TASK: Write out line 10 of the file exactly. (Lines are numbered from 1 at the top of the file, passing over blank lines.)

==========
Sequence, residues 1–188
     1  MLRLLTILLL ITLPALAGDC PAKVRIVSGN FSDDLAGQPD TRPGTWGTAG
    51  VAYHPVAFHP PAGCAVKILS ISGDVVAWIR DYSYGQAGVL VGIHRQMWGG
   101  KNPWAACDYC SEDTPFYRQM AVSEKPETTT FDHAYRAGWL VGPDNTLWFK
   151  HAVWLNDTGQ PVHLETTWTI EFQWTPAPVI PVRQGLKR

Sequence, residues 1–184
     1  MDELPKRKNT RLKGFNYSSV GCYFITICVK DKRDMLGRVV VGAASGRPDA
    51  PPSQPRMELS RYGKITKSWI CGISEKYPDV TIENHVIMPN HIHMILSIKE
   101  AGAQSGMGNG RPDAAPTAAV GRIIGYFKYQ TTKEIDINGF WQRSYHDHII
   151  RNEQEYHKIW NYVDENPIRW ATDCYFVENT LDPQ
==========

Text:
   151  RNEQEYHKIW NYVDENPIRW ATDCYFVENT LDPQ